Computing projects named as UK Research Councils' 'big ideas for the future'
Story supplied by LU Press Office
The School of Computing and Communication's groundbreaking work on keeping children safe online and protecting the internet from attack, have been chosen as two of the most important research projects taking place in universities today.
Research from all fields, including science, social sciences, engineering, the arts and the humanities, were eligible to be included and Lancaster University's projects were selected for inclusion from hundreds of submissions. The report is narrated and backed by high-profile figures such as Professor Lord Robert Winston, Dr Alice Roberts and Professor Iain Stewart.
The two projects are:
- Work led by Professor Awais Rashid at Lancaster University to develop new language analysis technologies to identify active paedophiles across online communities. Researchers working on project Isis have been developing a tool which can work out a person's age and gender using language analysis techniques. They hope it will eventually be used to help police and law enforcement agencies spot when an adult in a chartroom is masquerading as a child as part of the victim "grooming" process.
- Research led by Professor David Hutchison to develop ResiliNets, a new set of algorithms, mechanisms, and protocols that will help the Internet defend itself. It will allow the Internet to detect when defences have been penetrated, correct any faults and continue to deliver services to users, and recover back to normal operation.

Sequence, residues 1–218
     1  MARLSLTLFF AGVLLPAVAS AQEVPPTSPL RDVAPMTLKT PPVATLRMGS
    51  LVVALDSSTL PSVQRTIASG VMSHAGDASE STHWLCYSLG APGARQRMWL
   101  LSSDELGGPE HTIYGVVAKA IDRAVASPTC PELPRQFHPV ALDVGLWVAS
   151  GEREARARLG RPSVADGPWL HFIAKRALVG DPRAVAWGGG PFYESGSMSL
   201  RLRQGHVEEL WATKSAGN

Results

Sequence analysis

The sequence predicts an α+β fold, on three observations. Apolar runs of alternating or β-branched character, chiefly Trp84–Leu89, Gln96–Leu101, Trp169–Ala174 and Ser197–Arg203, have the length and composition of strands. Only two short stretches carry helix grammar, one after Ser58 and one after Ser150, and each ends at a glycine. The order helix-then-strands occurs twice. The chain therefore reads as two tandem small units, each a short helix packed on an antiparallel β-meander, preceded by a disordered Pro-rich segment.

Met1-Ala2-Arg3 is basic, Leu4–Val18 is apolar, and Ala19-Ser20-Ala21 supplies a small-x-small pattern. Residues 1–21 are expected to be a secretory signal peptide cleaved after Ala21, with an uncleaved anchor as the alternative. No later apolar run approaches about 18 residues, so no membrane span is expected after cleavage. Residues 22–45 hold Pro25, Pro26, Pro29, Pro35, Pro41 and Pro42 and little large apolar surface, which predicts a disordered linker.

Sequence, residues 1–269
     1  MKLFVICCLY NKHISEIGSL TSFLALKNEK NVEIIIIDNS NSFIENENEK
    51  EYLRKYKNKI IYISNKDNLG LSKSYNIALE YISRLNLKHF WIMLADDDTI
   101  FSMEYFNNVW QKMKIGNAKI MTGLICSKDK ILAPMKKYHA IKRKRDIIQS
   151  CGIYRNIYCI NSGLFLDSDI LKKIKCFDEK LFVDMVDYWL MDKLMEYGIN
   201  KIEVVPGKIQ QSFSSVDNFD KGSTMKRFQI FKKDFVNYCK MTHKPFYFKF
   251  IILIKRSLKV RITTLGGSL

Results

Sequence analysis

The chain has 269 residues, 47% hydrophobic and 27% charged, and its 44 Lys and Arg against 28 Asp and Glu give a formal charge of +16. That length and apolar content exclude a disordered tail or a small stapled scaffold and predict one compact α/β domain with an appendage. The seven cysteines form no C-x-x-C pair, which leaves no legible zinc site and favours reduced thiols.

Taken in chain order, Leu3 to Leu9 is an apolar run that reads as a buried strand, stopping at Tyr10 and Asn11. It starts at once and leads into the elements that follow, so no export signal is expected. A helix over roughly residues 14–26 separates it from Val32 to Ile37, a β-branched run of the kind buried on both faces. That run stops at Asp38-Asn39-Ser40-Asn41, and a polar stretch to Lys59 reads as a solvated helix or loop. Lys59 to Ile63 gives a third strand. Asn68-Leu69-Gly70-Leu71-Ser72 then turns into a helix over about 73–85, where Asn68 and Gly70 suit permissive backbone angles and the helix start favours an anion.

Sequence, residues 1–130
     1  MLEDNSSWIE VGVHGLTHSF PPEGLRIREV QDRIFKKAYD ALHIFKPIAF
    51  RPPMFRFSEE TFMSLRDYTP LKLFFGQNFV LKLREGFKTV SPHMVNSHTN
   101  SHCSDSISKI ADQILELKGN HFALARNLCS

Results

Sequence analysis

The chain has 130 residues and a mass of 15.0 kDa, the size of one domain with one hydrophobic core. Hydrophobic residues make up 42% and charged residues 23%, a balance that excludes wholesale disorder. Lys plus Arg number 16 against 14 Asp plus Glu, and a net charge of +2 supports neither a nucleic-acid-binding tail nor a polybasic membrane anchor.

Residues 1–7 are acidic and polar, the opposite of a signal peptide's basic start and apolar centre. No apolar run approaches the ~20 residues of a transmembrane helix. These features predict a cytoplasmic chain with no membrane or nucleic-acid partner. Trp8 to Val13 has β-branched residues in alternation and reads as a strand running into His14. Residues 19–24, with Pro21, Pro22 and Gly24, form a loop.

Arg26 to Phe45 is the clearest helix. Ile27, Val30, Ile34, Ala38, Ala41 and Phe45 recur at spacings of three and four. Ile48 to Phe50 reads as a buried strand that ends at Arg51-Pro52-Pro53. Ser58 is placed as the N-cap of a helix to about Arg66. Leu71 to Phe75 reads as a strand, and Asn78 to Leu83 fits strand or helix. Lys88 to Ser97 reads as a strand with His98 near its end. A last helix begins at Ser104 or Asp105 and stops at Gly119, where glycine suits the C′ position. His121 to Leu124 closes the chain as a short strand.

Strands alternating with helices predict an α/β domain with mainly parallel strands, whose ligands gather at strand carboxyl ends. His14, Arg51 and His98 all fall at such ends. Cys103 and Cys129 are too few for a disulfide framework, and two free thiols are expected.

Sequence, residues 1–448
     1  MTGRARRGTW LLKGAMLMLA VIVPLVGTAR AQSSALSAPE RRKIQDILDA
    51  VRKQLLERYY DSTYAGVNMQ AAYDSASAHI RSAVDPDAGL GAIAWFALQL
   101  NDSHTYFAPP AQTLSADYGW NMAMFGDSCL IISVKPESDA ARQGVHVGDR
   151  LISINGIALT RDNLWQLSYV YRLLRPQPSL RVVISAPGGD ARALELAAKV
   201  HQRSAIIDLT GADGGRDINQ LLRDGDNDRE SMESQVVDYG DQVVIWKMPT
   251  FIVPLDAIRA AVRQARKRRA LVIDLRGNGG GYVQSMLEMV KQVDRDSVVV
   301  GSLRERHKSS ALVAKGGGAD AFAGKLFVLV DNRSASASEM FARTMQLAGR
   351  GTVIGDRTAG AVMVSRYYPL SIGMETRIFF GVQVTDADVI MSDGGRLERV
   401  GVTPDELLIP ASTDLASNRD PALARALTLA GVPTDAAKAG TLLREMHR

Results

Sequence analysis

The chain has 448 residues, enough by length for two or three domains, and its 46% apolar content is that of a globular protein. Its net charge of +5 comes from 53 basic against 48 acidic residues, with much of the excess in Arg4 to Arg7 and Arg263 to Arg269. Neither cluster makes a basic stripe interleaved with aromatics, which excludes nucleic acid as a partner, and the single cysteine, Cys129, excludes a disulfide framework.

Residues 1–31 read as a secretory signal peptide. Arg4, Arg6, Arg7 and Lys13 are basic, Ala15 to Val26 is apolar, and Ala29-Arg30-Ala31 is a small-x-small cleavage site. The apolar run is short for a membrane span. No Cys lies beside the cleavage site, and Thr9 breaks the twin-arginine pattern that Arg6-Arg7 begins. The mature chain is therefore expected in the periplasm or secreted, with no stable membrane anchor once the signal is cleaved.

Professor Rick Rylance, Chair Elect of RCUK said: "Research has an impact on all our lives. Whether it is a breakthrough in experimental science, or an invention that makes new things possible, or a project that leads us to understand better the strengths and weaknesses of our society, research is the key to the UK's growth, prosperity and wellbeing.
"Big Ideas for the Future showcases just some of the excellent research being carried out in UK universities that achieves these aims. It is vital we continue to support the talented individuals whose work makes a real difference."
The publication of the report forms part of the second annual Universities Week, which takes place from 13-19 June 2011, and aims to increase public awareness of the wide and varied role of the UK's universities.
Thu 16 June 2011
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Story supplied by LU Press Office
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